Ben Buchwalter


Commission to Review Racially Tinged Mandatory Minimums

Mandatory minimum laws apply to an array of crimes, the most controversial of which is drug sentencing. Essentially, thanks to mandatory minimum laws, which were implemented in 1986 after basketball star Len Bias overdosed on crack cocaine, require judges to determine a defendant’s sentence without considering outside mitigating factors. In the most controversial example, crack cocaine users (who are predominantly black) receive a punishment 100 times more harsh than powder cocaine users (typically white). Back in October, the Obama administration asked the US Sentencing Commission to review the minimums. I called the leadership of Families Against Mandatory Minimums about the story:

Families Against Mandatory Minimums (FAMM) argues that the requirements have not achieved their intended purpose of reducing crime and scaring minor criminals into giving information about the most flagrant offenders in return for lighter sentences. As any self-respecting fan of The Wire knows, those at the bottom of the drug pyramid don’t get details about what goes on up top. So while the drug kingpins have an avenue through which to reduce their sentences, says Jennifer Seltzer-Stitt, FAMM’s federal legislative affairs director, “[minor users] who don’t have anyone to trade get longer sentences.”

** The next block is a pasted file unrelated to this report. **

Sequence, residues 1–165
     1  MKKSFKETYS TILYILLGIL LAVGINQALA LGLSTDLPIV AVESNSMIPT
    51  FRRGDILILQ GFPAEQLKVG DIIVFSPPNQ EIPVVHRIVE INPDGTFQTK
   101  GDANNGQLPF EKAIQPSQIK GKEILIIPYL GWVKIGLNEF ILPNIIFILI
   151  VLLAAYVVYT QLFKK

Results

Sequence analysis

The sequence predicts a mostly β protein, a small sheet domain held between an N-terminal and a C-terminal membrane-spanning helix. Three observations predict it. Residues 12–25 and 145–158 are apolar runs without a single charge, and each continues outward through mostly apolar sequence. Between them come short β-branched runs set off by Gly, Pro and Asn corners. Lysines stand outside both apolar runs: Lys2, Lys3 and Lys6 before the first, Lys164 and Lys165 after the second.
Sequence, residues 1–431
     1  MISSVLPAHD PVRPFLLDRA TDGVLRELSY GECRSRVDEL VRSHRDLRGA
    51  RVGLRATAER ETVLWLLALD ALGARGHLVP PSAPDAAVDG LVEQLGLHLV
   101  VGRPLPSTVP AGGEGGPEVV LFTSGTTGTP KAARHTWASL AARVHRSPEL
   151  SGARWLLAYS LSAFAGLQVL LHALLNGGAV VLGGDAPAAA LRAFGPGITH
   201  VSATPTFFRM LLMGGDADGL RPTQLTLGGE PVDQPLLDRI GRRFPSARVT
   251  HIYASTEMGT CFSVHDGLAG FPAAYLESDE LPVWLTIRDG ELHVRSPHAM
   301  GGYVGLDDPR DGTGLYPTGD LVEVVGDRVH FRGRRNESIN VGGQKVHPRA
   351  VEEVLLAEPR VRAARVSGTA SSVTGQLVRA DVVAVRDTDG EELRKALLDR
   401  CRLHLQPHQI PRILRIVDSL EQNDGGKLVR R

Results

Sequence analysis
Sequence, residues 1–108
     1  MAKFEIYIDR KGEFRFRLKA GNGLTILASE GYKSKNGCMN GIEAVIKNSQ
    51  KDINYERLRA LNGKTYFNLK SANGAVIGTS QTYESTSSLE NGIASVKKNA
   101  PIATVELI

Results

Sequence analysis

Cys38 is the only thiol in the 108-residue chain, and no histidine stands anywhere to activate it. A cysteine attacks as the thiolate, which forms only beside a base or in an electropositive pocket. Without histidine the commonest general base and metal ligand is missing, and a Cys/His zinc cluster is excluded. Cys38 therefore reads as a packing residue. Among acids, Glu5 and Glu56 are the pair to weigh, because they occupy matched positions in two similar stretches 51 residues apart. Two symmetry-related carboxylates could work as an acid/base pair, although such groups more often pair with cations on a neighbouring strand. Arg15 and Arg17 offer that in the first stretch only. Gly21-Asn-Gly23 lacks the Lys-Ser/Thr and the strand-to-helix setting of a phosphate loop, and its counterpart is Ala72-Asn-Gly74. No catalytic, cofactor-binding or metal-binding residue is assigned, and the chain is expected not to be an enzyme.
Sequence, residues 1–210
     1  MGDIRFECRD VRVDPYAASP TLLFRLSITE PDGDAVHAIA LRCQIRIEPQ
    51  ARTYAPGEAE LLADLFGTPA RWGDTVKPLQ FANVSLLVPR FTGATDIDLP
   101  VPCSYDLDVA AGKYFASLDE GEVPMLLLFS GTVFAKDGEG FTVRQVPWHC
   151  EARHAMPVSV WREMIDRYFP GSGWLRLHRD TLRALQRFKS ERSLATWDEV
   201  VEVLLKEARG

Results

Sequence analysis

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Racist vs. Racial: Which One Was Joe Wilson?
January 10, 2010, 8:55 pm
Filed under: Barack Obama, Mother Jones, Race, Republicans | Tags: , , , ,

September 17, 2009

Last September, the furor among Republicans against President Obama and his perceived agenda was almost tangible. But the public’s response to Obama, since he launched his historic campaign for president at the beginning of 2008, has veered dangerously close to subtle racism. But clearly, not all criticism of the president and his agenda is racist. And bringing up the topic of race doesn’t automatically make someone a racist. In the midst of the speculation of widespread racism among the Republican party and other anti-Obamaites, I tried to clarify the difference between racist and racial in MoJo: